Thermodynamic modeling of poorly complexing metals in concentrated electrolyte solutions: an X-ray absorption and UV-Vis spectroscopic study of Ni(II) in the NiCl2-MgCl2-H2O system.

Zhang N, Brugger J, Etschmann B, Ngothai Y, Zeng D - PLoS ONE (2015)

Principal component analysis results for NiCl2-H2O and Ni-MgCl2-H2O system in 350–550 nm and 580–850 nm absorbance bands, respectively.The circle is calculated by 100 ×, where xcalc and xmeas are the model and observed value, respectively. The gray area stands for the level of experimental error of 0.2%-0.5%.
© Copyright Policy
Related In: Results  -  Collection

License
Show All Figures
getmorefigures.php?uid=PMC4401718&req=5

pone.0119805.g006: Principal component analysis results for NiCl2-H2O and Ni-MgCl2-H2O system in 350–550 nm and 580–850 nm absorbance bands, respectively.The circle is calculated by 100 ×, where xcalc and xmeas are the model and observed value, respectively. The gray area stands for the level of experimental error of 0.2%-0.5%.
Mentions: Based on the analysis of XAS data above, two main Ni(II) species are present in NiCl2 solutions: the fully hydrated aqua ion and the monochloro complex. Principal component analysis (PCA) [44] confirms that two species are required to explain the UV-Vis data for the pure NiCl2 solutions within experimental error (Fig 6). In contrast, three species are required to explain the NiCl2-MgCl2-H2O system dataset (Fig 6), suggesting that [NiCl2]0 may be present in the solutions with the highest ionic strength. This is also consistent with the XAS results of Tian et al. [5]; consequently, the analysis was conducted using the Ni2+, NiCl+ and [NiCl2]0 species. The minor species H+ and [HCl]0 were also included in the speciation model, with the formation constant of the neutral ion pair, [HCl]0, taken from the result of Sverjensky et al. [45] (Table 3).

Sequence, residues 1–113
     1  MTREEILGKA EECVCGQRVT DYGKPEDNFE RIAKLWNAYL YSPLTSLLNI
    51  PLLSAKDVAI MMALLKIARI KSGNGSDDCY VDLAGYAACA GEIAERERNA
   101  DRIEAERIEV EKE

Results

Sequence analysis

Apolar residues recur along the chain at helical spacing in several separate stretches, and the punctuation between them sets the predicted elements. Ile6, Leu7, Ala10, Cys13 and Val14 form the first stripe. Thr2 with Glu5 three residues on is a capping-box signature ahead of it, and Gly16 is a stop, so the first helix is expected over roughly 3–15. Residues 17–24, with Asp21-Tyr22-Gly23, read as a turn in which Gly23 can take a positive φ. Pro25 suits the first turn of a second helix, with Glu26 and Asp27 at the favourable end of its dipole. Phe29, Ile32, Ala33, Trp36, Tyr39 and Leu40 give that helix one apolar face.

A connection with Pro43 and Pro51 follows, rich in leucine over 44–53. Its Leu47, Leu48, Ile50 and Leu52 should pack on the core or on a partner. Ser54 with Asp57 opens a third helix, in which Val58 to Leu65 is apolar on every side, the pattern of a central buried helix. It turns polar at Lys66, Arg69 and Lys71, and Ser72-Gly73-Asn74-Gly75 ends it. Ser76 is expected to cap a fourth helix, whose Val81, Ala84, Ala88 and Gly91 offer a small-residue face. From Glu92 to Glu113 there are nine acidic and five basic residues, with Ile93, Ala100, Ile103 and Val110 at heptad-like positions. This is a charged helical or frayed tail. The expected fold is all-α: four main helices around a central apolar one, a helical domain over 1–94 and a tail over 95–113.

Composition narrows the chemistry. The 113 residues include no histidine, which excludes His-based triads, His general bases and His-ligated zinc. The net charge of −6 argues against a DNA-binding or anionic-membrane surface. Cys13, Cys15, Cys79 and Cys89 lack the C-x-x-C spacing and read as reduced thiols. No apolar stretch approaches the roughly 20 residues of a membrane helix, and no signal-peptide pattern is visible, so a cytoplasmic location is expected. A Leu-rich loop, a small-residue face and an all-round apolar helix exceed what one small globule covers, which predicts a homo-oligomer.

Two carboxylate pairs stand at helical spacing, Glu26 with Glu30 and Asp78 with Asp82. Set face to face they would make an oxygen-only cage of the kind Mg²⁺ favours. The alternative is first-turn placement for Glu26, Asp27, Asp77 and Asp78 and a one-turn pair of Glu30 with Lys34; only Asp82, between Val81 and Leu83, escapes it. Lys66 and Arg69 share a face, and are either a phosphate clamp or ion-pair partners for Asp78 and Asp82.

Bottom Line: Both methods confirm that the Ni(II) aqua ion (with six coordinated water molecules at RNi-O = 2.07(2) Å) is the dominant species over the whole NiCl2 concentration range.At high Cl:Ni ratio in the NiCl2-MgCl2-H2O solutions, small amounts of [NiCl2]0 are also present.We developed a speciation-based mixed-solvent electrolyte (MSE) model to describe activity-composition relationships in NiCl2-MgCl2-H2O solutions, and at the same time predict Ni(II) speciation that is consistent with our XAS and UV-Vis data and with existing literature data up to the solubility limit, resolving a long-standing uncertainty about the role of chloride complexing in this system.

View Article: PubMed Central - PubMed

Affiliation: College of Chemistry and Chemical Engineering, Central South University, Changsha 410083, P. R. China; School of Chemical Engineering, The University of Adelaide, Adelaide 5000, South Australia, Australia; School of Geosciences, Monash University, Clayton 3800, Victoria, Australia.

ABSTRACT
Knowledge of the structure and speciation of aqueous Ni(II)-chloride complexes is important for understanding Ni behavior in hydrometallurgical extraction. The effect of concentration on the first-shell structure of Ni(II) in aqueous NiCl2 and NiCl2-MgCl2 solutions was investigated by Ni K edge X-ray absorption (XAS) and UV-Vis spectroscopy at ambient conditions. Both techniques show that no large structural change (e.g., transition from octahedral to tetrahedral-like configuration) occurs. Both methods confirm that the Ni(II) aqua ion (with six coordinated water molecules at RNi-O = 2.07(2) Å) is the dominant species over the whole NiCl2 concentration range. However, XANES, EXAFS and UV-Vis data show subtle changes at high salinity (> 2 mol∙kg(-1) NiCl2), which are consistent with the formation of small amounts of the NiCl+ complex (up to 0.44(23) Cl at a Ni-Cl distance of 2.35(2) Å in 5.05 mol∙kg(-1) NiCl2) in the pure NiCl2 solutions. At high Cl:Ni ratio in the NiCl2-MgCl2-H2O solutions, small amounts of [NiCl2]0 are also present. We developed a speciation-based mixed-solvent electrolyte (MSE) model to describe activity-composition relationships in NiCl2-MgCl2-H2O solutions, and at the same time predict Ni(II) speciation that is consistent with our XAS and UV-Vis data and with existing literature data up to the solubility limit, resolving a long-standing uncertainty about the role of chloride complexing in this system.

Show MeSH
Related in: MedlinePlus